This is a guest post by Karen Adams, a fellow knitter and an artist.
Like all readers of this blog, I enjoy knitting, but I don’t make many hats or mittens, and I’ll probably never make a baby blanket, so as a guest blogger, what can I write about? Well, monsters of course!
I grew up in a world before Monsters Inc; when the alternative to dolls was stuffed animals. I still love my animals dearly, but as an adult I’ve also gotten to experience the wonderful world of monsters. No longer scary, mythical creatures living under the bed, monsters are now known to be fun, and friendly protectors, with colourful bodies, and even more colourful personalities
After teaching myself to knit and crochet, it didn’t take long to discover www.Ravelry.com (a crafters’ network that is free to join) and their wonderful collection of patterns to make, and customize my own toys. My book shelves and tables were soon overrun by wooly creatures, and the search was on for a deserving recipient of my monstery goodness. As children, my sister and I spent a fair bit of time at the IWK Children’s Hospital, and remember receiving hand knit finger puppets from the phlebotomists, after “finger pricks” and blood collection, so the IWK was the obvious choice for my own charity knitting!
As kids we always appreciated being first on the Phleb’s schedule, giving us first pick of the best puppets, with the most character. We always disliked the puppets with dead-looking X’s for eyes, and preferred those with a tuft of hair, or colourful detailing. As a knitter, however, the challenge was to find an interesting design that is simple enough to keep up with the hospital’s demand of 1,000+ puppets per month. For me, the solution came back to my monsters. I took the simplest of all the puppet designs, 12-15 stitches, by 10-15 rows, knit in-the-round, but using novelty yarns like eyelash, fun-fur, and glow-in-the-dark varieties to add interesting texture and fun, without need of complex colour changes or shaping. From there I added simple eyes, and sometimes noses, using pompoms and felt circles, secured with thick felt-glue and simple French knots, which add security, pupils and loads of character!
Next came some larger, stuffed monsters. With an amazing selection of easy and fun little patterns available, I found it impossible to resist making a collection of Goofballs and Gumballs, Thingamajigs and Whatsits, and one little ninja to head to the hospital too. My latest delivery of yarny goodness arrived just in time for the monsters to spend Halloween with the children.
Some of my little guys were nervous about going to the hospital, frightened of the dreaded “finger pricks”, but I reminded them that they don’t have fingers, and that they were going to console the kids who would be getting the tests and treatments. They liked that idea much better, but still felt some trepidation over the enormous responsibility. To make them feel better, my larger house monsters joined us as we went on a little tour of the hospital. They met Janet, the Manager of Volunteer Services. She was very nice and happy to meet them all. She explained their new duties and introduced them to other critters in the program.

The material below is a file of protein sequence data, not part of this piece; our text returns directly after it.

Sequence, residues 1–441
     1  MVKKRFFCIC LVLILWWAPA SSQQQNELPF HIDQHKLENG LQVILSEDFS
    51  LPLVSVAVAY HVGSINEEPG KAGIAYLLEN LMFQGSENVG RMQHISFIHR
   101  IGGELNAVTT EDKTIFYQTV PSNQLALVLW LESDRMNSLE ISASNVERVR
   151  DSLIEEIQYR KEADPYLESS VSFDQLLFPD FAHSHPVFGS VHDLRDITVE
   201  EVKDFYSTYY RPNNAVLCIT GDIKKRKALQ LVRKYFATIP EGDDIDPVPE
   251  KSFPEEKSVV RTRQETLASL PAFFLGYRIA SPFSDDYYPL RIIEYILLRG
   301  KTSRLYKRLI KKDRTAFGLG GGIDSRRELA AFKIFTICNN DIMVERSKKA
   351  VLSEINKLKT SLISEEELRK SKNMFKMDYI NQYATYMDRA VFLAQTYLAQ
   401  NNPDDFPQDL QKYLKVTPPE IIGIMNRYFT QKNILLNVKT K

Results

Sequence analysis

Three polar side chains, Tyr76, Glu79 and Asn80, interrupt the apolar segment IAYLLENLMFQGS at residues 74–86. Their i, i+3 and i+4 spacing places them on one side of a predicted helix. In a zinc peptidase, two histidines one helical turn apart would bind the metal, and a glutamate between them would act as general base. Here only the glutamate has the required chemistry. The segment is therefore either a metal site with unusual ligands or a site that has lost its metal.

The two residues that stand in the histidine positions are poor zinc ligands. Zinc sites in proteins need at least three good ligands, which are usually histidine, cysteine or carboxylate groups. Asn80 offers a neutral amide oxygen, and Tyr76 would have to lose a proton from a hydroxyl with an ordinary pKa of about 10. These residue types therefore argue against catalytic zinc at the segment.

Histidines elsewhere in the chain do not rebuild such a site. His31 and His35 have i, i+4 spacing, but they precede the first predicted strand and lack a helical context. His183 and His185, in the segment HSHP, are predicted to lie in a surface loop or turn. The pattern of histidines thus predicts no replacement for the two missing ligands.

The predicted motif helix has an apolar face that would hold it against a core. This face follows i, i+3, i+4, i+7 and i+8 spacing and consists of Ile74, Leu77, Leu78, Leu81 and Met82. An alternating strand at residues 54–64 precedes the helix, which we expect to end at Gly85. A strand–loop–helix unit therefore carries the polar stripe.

For any readers looking for easy, unique little toys for their own families, friends, or charity knitting, Ravelry is an excellent source of free and paid patterns in a multitude of styles and sizes, for knit and crochet. For one new and comprehensive resource by the queen of monster knitting, may I recommend 50 Yards of Fun, by Rebecca Danger? Famous for her large, and medium-scale monsters, dinosaurs and animals, Rebecca’s latest book is devoted to the miniature, stash-busting creatures; like my Nano Ninja; that are perfect for little hands in need of a little comforting. (Just remember to replace any plastic eyes or buttons with felt and/or embroidery!)
Has everyone been inspired yet? Need one more piece of encouragement? How about a giveaway? I have compiled a creature kit, complete with eyelash and spun yarns, stuffing, felt, a pair of circular needles, and a small collection of patterns. With Halloween over, and Christmas coming fast, the package has a Christmas colour theme and includes a seasonal pattern collection generously donated by Susan Claudino, a talented new designer of small toys, ornaments, and best of all, monsters!
Please leave a comment to enter into a draw for a chance to win a monster kit from Karen! A draw will take place on Saturday, November 16th, and a random number generator will tell us who the winner is. Good luck to all!